Our Specimen Tree Replacement Plan serves as one facet of that detailed tree management plan. Through the Specimen Tree Replacement Plan, we preserve the germplasm, or genetics, of original trees dating back to the 1800s, state champion trees, and those valuable to the aesthetic landscape of our Gardens. By propagating and cloning those trees, we create genetically identical specimens to be planted and, such as in this case, live on in another form should disaster occur. Due to the size of our state champion trees, they cannot be immediately replaced as tree growth is a slow process, but their adapted and valuable genetics can be cloned to ensure the best traits endure for centuries to come.

Arborist Manager Tyler Altenburger inspects the fallen tree on Friday, May 1. At 65 feet, Altenburger counted approximately 120 growth rings and at 30 feet approximately 160 growth rings. Photo by Sharon Loving. Arborist Manager Tyler Altenburger inspects the fallen tree on Friday, May 1. At 65 feet, Altenburger counted approximately 120 growth rings and at 30 feet approximately 160 growth rings. Photo by Sharon Loving.

Thankfully, in 2008 we propagated the yellow cucumber magnolia and as a result have planted three propagules of the fallen champion in Peirce’s Park, near the Sylvan Fountain, and at the edge of the Orchard at Longwood. Following the heartbreaking loss of our state champion tree, our three younger yellow cucumber magnolias lovingly planted throughout our Gardens will now serve as an even greater tribute to their parent tree. One of the ongoing goals of our Specimen Tree Replacement Plan is to distribute germplasm with other public gardens and horticultural organizations in the event of a destructive event, such as the wind that downed our tree. We have given some of the resulting yellow cucumber magnolia trees to other organizations across North America … meaning even more will be able to appreciate the beauty and legacy of our original yellow cucumber magnolia in even more locations.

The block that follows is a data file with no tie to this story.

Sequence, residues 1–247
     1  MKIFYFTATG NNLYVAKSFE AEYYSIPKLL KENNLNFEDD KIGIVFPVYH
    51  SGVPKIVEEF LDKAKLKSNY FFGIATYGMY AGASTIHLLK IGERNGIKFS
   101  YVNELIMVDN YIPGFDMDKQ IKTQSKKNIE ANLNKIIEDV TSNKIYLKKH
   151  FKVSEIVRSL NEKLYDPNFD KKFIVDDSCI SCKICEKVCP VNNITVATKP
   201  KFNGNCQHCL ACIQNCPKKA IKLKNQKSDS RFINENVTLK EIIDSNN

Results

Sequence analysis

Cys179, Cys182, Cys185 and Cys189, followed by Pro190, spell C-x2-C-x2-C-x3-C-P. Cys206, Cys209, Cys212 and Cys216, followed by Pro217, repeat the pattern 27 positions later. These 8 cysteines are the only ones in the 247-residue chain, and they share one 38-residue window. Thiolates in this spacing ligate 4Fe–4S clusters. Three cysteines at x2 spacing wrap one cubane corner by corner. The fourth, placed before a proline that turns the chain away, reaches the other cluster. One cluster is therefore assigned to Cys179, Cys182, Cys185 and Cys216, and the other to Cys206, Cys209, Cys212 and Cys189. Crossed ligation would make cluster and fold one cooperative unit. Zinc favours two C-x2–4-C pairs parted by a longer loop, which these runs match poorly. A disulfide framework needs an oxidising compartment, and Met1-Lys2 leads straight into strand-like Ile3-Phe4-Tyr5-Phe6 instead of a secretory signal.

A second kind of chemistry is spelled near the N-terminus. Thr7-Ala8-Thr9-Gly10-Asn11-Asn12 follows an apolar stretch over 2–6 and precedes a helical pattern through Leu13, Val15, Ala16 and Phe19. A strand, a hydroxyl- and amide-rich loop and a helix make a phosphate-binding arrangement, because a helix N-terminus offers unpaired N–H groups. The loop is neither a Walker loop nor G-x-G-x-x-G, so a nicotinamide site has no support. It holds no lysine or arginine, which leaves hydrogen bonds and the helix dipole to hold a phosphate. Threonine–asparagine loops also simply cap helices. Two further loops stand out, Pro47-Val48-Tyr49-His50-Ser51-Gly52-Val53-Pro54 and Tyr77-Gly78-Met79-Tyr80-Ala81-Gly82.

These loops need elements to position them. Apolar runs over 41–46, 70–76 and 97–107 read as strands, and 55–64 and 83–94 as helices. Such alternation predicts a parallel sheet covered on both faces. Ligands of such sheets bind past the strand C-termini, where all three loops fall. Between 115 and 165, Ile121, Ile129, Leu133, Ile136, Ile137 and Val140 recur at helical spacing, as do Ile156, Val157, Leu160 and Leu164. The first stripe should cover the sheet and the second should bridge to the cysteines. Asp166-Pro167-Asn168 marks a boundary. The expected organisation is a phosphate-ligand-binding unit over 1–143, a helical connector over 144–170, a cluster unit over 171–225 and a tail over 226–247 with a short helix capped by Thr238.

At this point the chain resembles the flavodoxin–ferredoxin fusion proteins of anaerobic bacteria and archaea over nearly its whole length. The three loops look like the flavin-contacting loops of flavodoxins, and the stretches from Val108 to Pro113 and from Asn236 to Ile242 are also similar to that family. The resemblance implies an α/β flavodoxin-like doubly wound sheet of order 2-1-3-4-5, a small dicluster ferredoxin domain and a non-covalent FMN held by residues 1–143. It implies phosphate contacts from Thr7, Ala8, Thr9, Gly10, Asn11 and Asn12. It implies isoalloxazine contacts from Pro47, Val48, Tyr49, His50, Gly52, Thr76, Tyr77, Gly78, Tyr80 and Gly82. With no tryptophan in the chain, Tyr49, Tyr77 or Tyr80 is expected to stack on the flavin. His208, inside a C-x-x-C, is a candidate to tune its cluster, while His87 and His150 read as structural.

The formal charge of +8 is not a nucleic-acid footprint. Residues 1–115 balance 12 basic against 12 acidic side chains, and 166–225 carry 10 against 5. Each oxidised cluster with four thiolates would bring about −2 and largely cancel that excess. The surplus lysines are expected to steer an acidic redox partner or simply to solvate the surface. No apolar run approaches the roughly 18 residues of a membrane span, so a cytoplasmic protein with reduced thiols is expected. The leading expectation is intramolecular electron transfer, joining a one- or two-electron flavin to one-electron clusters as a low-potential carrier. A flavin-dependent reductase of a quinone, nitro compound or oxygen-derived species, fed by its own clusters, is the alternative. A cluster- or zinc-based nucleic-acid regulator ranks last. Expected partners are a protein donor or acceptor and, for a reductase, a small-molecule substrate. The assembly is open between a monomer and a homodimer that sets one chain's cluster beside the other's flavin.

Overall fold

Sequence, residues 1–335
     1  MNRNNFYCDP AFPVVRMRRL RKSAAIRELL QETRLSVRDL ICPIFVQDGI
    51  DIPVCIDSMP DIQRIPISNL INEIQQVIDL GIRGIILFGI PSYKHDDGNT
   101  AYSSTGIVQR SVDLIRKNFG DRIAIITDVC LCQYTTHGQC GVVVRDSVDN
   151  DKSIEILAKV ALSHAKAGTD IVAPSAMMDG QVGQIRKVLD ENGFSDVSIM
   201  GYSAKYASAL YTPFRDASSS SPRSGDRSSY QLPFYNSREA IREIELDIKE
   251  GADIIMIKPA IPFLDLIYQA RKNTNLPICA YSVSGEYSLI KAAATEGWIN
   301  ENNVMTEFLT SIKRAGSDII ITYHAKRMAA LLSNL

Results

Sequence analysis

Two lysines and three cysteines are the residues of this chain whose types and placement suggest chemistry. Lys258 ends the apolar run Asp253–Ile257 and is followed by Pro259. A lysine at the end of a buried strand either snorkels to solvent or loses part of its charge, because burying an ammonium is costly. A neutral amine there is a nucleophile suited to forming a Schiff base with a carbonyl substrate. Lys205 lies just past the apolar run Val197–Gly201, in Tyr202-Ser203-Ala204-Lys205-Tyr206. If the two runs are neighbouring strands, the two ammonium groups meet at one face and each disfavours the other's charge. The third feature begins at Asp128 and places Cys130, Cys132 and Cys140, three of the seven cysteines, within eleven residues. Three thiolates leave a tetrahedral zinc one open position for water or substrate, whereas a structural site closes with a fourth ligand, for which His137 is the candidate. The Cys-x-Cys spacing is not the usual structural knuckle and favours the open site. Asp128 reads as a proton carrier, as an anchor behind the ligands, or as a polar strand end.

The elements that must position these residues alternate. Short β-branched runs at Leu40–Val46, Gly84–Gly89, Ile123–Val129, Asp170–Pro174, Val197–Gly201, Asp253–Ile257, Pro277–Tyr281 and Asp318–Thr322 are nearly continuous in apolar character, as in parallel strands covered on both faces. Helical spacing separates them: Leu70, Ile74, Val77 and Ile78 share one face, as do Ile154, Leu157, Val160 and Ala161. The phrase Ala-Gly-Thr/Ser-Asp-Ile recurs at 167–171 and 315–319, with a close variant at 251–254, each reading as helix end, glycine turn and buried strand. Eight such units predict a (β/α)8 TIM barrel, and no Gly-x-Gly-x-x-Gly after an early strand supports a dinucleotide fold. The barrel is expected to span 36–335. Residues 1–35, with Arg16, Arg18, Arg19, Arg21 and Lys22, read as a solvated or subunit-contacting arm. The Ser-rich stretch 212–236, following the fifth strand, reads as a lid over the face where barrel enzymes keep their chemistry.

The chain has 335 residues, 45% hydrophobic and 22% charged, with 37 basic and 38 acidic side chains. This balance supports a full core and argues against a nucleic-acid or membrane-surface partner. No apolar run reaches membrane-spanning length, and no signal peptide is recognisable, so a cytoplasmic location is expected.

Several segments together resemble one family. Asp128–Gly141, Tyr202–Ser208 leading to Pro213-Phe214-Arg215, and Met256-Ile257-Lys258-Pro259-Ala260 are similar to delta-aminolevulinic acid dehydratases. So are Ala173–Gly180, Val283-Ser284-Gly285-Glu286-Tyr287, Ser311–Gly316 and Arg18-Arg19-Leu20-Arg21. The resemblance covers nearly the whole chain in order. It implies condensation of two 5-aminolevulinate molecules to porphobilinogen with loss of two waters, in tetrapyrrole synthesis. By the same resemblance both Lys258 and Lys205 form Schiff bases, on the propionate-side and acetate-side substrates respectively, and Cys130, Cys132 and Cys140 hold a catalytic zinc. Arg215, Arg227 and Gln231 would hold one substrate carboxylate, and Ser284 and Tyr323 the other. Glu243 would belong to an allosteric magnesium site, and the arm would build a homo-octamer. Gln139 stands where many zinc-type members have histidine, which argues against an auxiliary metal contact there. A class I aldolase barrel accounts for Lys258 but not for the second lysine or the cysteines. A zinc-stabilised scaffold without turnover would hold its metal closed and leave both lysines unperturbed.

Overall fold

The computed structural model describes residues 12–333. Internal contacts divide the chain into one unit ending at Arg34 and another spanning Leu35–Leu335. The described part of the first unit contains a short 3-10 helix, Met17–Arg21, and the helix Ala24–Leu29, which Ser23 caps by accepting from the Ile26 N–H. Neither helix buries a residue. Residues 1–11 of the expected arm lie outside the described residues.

One resulting tree of our yellow cucumber magnolia propagation is planted in Peirce’s Park in April 2013. Photo by Steve Fellows. One resulting tree of our yellow cucumber magnolia propagation is planted in Peirce's Park in April 2013. Photo by Steve Fellows.

Now—more than ever—we strive to support the mission of Longwood, honor du Pont’s love of those trees, and continue our steadfast care for not only the original tree collection, but all the trees that call Longwood home. And when we gaze at our younger yellow cucumber magnolias and think about where they came from, we will look upon them with as much love, care, and dedication as we will always feel for our original champion.      

We look forward to enjoying the beauty of our younger yellow cucumber magnolias for years—and years—to come. Photo by Candie Ward. We look forward to enjoying the beauty of our younger yellow cucumber magnolias for years–and years–to come. Photo by Candie Ward.